By Gráinne Ní Aodha, PA
Updated at 18:50
SIPTU has described the operators of Dublin airport, Daa's plans for the June bank holiday as a 'sticking plaster'.
Union representative Jerry Brennan says he does not have confidence in them and the use of trainees may not help speed up the process.
Speaking to Newstalk, he said: "It could be a hindrance more than a help." He said over the past few days there has been a lot of 'heated moments' at Dublin Airport as a result of the difficulties.
It comes as the Daa said there will be 10 per cent more staff working this weekend compared to last weekend.
They will be expecting thousands of passengers to pass through the airport seeing as it is the June bank holiday.
In a bid to avoid the chaos of last weekend, the Daa said a “holding area” may be needed for passengers who arrive earlier than the recommended time during extremely busy periods this summer.
Daa chief executive Dalton Philips told the Oireachtas Transport Committee that this protocol is in place in order to “triage access” to the terminals during busy periods, but that they do not expect to have that in place this coming bank holiday weekend.
He said that some of the short-term car parks in both terminals, as well as the space where queues formed outside the terminals, are among the spaces that may be used as holding areas.
“At times when the terminals get particularly busy, we may triage access to the terminals and control entry into the terminal, based on the departure time of flights if necessary. A protocol for the deployment of this is in place.
“For departing passengers, access to the appropriate terminals will be controlled and will require the presentation of documentation indicating the time of flight such as a booking confirmation or boarding card.”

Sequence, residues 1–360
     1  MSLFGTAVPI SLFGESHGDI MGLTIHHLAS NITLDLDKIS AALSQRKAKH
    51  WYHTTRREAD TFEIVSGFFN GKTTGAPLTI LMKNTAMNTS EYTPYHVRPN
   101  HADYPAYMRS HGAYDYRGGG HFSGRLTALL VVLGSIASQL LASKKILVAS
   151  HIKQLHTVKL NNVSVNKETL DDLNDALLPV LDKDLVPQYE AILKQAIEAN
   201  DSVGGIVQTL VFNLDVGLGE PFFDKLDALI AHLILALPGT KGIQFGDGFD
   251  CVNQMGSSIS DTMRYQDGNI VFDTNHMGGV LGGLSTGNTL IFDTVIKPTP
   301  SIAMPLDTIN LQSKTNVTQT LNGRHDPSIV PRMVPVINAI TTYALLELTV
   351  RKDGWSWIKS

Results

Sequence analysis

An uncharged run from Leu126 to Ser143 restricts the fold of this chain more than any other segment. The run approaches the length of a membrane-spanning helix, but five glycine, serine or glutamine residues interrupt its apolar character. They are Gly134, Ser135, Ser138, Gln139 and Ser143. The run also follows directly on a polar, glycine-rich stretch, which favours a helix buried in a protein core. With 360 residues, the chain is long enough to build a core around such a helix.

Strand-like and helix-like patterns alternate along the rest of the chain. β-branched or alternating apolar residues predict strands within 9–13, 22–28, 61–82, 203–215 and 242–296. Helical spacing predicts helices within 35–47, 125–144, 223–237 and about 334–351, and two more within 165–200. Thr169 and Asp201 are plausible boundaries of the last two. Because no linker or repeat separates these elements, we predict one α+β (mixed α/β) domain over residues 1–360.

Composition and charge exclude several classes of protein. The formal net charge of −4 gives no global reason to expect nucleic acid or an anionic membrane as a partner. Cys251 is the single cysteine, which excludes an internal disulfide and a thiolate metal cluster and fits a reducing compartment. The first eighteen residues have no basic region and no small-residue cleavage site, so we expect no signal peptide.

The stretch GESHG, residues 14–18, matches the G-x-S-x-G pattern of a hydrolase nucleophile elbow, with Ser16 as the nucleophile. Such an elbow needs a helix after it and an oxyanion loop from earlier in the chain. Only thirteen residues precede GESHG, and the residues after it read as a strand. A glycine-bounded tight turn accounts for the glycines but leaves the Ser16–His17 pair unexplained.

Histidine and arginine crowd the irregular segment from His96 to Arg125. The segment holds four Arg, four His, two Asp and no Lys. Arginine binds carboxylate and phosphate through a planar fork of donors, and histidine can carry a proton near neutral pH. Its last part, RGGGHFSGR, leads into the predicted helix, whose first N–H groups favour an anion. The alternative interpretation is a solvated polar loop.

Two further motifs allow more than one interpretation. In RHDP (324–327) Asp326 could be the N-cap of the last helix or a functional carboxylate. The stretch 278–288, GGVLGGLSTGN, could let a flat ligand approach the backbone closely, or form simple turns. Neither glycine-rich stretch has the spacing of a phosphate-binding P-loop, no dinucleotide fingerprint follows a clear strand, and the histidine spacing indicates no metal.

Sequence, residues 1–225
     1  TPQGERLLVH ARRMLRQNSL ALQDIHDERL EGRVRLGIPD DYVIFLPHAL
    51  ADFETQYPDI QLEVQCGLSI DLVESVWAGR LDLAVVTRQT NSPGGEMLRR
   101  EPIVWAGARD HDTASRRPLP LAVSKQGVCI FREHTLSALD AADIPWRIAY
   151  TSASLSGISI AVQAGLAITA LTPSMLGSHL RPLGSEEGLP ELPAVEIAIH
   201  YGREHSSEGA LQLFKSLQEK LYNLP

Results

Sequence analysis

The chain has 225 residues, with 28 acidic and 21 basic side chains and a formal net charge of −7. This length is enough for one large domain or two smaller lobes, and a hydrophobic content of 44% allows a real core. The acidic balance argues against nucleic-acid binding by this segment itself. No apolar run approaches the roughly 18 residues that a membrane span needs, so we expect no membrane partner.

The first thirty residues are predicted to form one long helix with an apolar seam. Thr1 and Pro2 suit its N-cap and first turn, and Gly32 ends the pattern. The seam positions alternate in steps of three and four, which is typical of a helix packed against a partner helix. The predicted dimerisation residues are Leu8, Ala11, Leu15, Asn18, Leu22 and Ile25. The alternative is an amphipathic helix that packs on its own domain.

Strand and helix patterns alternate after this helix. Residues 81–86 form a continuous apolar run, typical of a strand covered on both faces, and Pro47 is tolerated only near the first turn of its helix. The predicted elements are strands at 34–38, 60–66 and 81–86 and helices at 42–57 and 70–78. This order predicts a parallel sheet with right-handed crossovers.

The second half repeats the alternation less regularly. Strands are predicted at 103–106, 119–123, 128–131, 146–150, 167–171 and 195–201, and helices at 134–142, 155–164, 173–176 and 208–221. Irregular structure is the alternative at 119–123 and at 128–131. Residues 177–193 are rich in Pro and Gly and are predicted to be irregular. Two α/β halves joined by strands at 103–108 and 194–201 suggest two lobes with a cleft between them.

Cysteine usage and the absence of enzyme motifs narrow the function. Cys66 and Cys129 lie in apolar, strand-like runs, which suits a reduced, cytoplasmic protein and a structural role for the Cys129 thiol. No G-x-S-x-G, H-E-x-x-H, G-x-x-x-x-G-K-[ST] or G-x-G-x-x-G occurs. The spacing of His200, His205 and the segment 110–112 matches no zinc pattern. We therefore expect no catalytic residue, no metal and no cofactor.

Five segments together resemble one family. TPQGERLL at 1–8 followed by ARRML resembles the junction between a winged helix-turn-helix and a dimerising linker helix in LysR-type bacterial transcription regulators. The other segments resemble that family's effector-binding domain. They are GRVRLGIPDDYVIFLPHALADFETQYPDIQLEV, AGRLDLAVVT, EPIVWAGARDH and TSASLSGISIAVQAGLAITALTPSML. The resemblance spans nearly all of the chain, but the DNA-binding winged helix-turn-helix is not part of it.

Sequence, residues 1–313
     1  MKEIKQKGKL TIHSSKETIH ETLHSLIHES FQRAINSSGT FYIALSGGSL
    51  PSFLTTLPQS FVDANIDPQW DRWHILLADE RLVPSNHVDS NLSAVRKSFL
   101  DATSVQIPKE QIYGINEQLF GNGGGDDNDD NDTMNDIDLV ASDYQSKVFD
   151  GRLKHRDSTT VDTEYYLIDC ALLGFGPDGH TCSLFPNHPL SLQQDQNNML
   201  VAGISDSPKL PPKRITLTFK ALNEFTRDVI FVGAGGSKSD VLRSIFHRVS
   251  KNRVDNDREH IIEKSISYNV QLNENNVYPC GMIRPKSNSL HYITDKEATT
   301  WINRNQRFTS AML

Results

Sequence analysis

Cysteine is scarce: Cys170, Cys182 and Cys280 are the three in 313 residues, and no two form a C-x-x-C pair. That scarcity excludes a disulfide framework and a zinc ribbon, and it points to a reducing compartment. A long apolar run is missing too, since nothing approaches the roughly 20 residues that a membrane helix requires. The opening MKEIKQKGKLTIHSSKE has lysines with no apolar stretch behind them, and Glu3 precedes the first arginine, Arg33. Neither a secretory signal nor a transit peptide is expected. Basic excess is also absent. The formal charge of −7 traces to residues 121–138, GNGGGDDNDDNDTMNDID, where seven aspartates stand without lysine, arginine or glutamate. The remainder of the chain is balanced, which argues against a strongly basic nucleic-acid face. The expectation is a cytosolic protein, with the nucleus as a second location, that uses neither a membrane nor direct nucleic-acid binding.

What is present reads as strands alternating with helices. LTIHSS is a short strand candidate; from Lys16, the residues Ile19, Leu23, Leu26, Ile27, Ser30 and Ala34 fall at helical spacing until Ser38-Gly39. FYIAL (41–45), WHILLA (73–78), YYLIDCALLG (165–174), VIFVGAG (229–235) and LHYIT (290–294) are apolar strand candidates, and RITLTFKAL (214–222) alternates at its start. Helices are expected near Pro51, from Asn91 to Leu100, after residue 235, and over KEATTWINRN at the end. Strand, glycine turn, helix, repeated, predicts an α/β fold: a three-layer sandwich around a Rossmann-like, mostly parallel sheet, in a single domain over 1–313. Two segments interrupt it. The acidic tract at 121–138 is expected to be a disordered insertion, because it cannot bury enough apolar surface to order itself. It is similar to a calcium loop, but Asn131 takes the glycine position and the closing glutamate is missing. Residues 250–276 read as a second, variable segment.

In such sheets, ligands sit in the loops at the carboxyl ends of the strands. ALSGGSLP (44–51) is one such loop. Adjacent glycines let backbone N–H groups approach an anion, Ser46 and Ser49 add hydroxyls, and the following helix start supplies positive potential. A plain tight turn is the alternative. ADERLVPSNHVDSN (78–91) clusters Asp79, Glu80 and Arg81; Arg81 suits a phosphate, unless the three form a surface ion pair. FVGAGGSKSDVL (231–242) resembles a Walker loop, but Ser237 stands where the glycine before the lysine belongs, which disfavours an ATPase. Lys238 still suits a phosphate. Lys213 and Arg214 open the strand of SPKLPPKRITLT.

Passengers are recommended to arrive at least 2.5 hours before short-haul flight departures, and 3.5 hours before long-haul flights depart.
“Daa will put in place bad weather cover, seating and toilets in the holding area as quickly as possible in the coming days following trialling of this system over the June bank holiday weekend.”
He said that “special consideration” will be given to those passengers who require special assistance, such as people with autism, Mr Philips told the committee.
Mr Philips said that things will be managed differently this weekend and beyond, and that the airport is “focused on a better passenger experience”.
The Daa will try to maximise the availability of staff resources, increase the number of security lanes open at peak times, and improve queue management.
“Following these incremental measures, we are confident we have a robust plan and we do not envisage a repeat of what occurred last Sunday.
“And, should unanticipated issues arise, we have appropriate escalation and triage mechanisms focused on ensuring no passengers will miss their flights.”
Mr Philips said that the quick recovery of the aviation industry following the pandemic, new EU rules requiring enhanced background checks of airport staff, and “exceptional levels of absence” due to Covid-19, had resulted in passenger delays at the airport.
Mr Philips told TDs and Senators that he understood the “anger frustration and upset” among passengers over the scenes at the airport last weekend, and apologised “unreservedly” for the long queues and delays.